Risky anatomic variations of sphenoid sinus for surgery

Birsen Unal, Gulsah Bademci, Yasemin K Bilgili, Funda Batay, Emel Avci
Surgical and Radiologic Anatomy: SRA 2006, 28 (2): 195-201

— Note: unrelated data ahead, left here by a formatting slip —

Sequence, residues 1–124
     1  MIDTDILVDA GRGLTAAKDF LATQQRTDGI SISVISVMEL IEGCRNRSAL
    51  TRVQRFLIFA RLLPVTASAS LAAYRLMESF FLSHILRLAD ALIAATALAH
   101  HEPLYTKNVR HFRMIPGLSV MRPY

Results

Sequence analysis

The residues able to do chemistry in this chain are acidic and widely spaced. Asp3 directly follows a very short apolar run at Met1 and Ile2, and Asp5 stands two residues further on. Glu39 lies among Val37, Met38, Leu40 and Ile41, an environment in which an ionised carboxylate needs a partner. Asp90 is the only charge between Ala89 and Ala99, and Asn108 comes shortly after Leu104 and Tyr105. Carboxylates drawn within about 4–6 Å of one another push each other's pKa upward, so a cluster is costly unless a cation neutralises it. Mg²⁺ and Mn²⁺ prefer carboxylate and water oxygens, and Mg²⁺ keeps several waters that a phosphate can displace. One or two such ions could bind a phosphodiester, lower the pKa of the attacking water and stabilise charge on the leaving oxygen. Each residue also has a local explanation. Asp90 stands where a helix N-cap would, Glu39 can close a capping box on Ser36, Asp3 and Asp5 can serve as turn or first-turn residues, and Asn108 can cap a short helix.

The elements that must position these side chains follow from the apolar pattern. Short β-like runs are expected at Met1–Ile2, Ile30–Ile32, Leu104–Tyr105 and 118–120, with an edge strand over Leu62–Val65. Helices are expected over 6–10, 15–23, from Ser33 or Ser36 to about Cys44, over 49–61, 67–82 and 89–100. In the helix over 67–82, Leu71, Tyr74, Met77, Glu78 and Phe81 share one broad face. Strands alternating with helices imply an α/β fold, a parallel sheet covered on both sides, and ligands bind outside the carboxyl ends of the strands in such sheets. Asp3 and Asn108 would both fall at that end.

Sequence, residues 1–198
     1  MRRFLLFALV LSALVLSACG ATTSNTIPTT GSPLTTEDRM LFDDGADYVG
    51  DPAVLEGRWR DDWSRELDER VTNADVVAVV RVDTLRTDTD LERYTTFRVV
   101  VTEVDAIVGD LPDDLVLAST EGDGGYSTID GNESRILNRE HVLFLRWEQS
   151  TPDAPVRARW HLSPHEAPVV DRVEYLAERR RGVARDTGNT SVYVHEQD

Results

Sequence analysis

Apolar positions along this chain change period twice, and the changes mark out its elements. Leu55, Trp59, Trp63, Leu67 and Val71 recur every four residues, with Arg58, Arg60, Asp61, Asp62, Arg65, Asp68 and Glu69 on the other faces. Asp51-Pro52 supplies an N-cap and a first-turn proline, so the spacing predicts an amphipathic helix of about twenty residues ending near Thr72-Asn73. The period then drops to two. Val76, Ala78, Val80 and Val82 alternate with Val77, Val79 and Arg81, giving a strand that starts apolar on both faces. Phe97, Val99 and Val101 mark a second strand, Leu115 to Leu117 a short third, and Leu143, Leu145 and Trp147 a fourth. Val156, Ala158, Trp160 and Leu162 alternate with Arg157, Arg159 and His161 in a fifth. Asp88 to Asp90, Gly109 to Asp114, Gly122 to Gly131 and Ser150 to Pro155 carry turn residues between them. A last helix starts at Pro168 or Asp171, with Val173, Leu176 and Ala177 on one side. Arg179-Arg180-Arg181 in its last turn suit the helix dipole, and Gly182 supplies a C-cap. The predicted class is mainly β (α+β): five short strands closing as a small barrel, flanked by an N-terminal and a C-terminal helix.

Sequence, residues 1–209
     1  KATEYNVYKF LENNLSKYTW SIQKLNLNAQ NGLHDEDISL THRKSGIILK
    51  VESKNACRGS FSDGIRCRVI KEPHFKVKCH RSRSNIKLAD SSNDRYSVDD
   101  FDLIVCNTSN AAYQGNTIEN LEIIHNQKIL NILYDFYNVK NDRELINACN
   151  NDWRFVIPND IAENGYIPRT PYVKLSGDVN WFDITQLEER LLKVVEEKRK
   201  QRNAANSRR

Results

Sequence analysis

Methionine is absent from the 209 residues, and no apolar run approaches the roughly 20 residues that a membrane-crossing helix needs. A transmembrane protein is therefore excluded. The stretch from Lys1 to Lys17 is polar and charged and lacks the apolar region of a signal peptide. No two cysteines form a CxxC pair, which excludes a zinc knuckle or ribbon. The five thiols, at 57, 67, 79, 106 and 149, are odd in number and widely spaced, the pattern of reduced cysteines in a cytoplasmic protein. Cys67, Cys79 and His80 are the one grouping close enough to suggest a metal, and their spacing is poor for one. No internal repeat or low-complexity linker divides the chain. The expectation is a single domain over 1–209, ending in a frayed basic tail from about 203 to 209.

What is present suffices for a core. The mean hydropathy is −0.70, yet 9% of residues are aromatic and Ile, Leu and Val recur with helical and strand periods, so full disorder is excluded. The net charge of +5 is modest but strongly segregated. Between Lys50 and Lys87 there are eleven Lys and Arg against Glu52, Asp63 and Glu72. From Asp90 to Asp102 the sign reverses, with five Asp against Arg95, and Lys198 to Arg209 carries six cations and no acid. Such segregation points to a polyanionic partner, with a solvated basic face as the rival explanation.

We searched for the surgically risky anatomic variations of sphenoid sinus and aimed to compare axial and coronal tomography in detection of these variations. Fifty-six paranasal tomography images (112 sides) were evaluated for coronal, axial and both coronal and axial images. Tomographic findings including bony septum extending to optic canal or internal carotid artery; protrusions and dehiscences of the walls of internal carotid artery, optic nerve, maxillary nerve and vidian nerve; extreme medial course of internal carotid artery; patterns of aeration of the anterior clinoid process; and Onodi cells were evaluated. The results were classified as "present, absent, suspicious-thin (only for dehiscence) or no-consensus". The results of each plane were compared with that of the result of the both planes together. Kappa coefficient and Chi-square tests were used to compare both planes. Twelve cadaveric dissections were performed to reveal the proximity of sphenoid sinus to surgically risky anatomic structures. Endoscopy was applied to five cadavers. 18 evaluations were classified as 'no-consensus'. We detected 34, 35, 34 and 40 protrusions of internal carotid artery, optic nerve, maxillary nerve, vidian nerve, respectively. Dehiscences were present in 6, 9, 4 and 8, and suspicious-thin in 8, 10, 16 and 25 in canals of internal carotid artery, optic nerve, maxillary nerve and vidian nerve, respectively. Bony septum to internal carotid artery and optic nerve was observed in 30 and 22 cases. We observed 9 extreme medial courses of internal carotid artery, 27 aerated clinoid process and 9 Onodi cells. Axial images were superior in detection of bony septum to internal carotid artery and Onodi cells; while the coronal images were more successful in detection of protrusion of optic nerve and vidian nerve, and dehiscense of maxillary nerve and vidian nerve (P<0.05). In cadaveric dissections, the septa were inserted into the bony covering of the carotid arteries in two sinuses (8.3%). Detailed preoperative analysis of the anatomy of the sphenoid sinus and its boundaries is crucial in facilitating entry to the pituitary fossa and reducing intraoperative complications. Coronal tomography more successfully detects the sphenoid sinus anatomic variations.

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